When a government in any country is asked about why its unemployment statistics are getting worse, especially among young people and graduates, there is usually a stock reply: "We have a financial resources crisis. The liquidity available is low and barely enough to finance the purchase of basic imports, such as food and fuel, etc. We also have no funds to build factories and projects that might provide jobs for millions of young people."
Some governments add that they are suffering from a severe economic crisis, a large deficit in the public budget and fixed financial commitments, such as wages, subsidies and loan repayments. This hinders any economic development plans that would otherwise result in more jobs and reduce the number of those who are unemployed and job seekers, even if the jobs are not compatible with their qualifications, experience and education.
However, what about a government that possesses the financial means, has a huge cash flow and sees billions of dollars going into its treasury annually? One that has economic projects and activities sufficient to absorb the labour force and even requires foreign workers to cover the deficit in human resources? It surely could not have any justification for its unemployment rate to be higher than that of poor or underfunded countries or those without natural resources. Could it?
Think again. Saudi Arabia is one such country, with high unemployment despite its abundant wealth. In fact, it has enough wealth not only to provide employment for two million unemployed of its own citizens, but also opportunities for all Arab youngsters.
As the largest country in the world in terms of its foreign currency reserves, Saudi Arabia possesses about $500 billion. This is a sum rarely available in a non-G8 or developed country and is enough to finance giant projects across all sectors.
The Saudis are also the largest oil producers in the world with a production capacity of more than 10 million barrels per day. More than $550 million enters its treasury daily, assuming that the price of oil is $77 a barrel and that the Kingdom exports 7.25 million barrels every day.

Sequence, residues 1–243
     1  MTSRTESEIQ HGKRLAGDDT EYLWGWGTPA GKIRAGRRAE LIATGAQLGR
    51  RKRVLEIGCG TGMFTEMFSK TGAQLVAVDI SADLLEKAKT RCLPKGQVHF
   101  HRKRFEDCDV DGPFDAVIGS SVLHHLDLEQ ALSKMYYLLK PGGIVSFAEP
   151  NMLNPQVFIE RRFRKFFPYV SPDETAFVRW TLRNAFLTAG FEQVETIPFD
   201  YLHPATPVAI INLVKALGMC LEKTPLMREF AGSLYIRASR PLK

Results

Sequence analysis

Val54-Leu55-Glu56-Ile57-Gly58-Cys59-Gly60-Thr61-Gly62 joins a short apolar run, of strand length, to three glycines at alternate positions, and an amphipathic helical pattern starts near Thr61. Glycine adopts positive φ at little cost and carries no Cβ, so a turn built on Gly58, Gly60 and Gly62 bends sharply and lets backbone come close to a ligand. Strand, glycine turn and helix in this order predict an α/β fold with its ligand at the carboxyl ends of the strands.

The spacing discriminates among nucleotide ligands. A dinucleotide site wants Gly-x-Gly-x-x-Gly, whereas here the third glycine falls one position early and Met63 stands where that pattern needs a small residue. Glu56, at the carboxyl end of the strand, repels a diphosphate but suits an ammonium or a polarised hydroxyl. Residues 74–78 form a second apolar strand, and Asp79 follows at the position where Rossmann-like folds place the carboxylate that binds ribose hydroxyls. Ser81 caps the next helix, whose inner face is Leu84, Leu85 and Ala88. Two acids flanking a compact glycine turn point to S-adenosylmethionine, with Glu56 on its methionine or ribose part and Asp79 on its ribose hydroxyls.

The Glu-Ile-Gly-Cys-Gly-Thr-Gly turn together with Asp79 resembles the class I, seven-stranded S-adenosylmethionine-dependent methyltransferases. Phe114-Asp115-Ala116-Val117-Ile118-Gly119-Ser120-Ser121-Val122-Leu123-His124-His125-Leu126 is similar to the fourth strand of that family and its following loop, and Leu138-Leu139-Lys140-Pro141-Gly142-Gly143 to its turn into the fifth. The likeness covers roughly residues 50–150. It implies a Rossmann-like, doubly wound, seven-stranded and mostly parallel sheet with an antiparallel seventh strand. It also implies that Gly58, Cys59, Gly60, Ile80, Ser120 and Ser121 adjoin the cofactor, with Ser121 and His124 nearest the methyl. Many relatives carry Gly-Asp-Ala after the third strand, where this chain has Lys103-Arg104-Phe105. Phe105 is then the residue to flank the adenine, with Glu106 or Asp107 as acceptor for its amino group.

It is hard to understand that a country with this huge financial and oil potential still has an unemployment rate of 13 per cent, according to the Kingdom's own statistics authority. More than a million Saudi citizens are looking for jobs and cannot find them, despite the fact that 47 per cent of unemployed Saudis have had a high school education.
It has record unemployment rates despite the fact that about 242,000 Arab and other expatriates have left its labour force during the first quarter of this year alone. More than 500,000 expatriates left Saudi Arabia in 2017. They are leaving because of the "hell" of high school fees, the burden of high living expenses and increases in the prices of basic essentials.
The unemployment crisis in Saudi Arabia is not a crisis of financial resources at all. With billions of dollars in resources available, it is a crisis of mismanagement. The most prominent feature of this is the failure of the "Saudisation" policy and a failure to persuade the private sector to employ citizens rather than expatriates.
There is also a lack of financial resources available being utilised in the community for the benefit of ordinary citizens; the government is content to place cash reserves in US and Western banks without the people benefitting from them. Furthermore, a significant part of the Kingdom's resources are allocated to arms purchases, waging war on the people of Yemen and supporting neo-fascist systems in the region.
Saudi Arabia also suffers from mismanagement in its almost total dependence on foreigners at senior levels in government, production and service institutions. According to recent figures, the number of working foreigners was 10.18 million, representing 76.4 per cent of the total number of employed persons in the country. The number of Saudi employees was 3.15 million, representing 23.6 per cent of the total.
The most serious aspect of all is the failure of officials to persuade Saudi citizens to qualify and work in professions and trades. The biggest evidence for this is the decline in the implementation of the decision to "Saudise" 12 jobs and professions, which was supposed to provide hundreds of thousands of jobs for Saudi men and women.
This was first published in Arabic on The New Khalij, 12 July 2018
Note: This page was updated at 18:30 BST on July 2, 2019. The previous version of this page incorrectly carried the byline of "Mostafa Saleem". The correct author for this piece is "Mostafa Abdelsalam"
The views expressed in this article belong to the author and do not necessarily reflect the editorial policy of Middle East Monitor.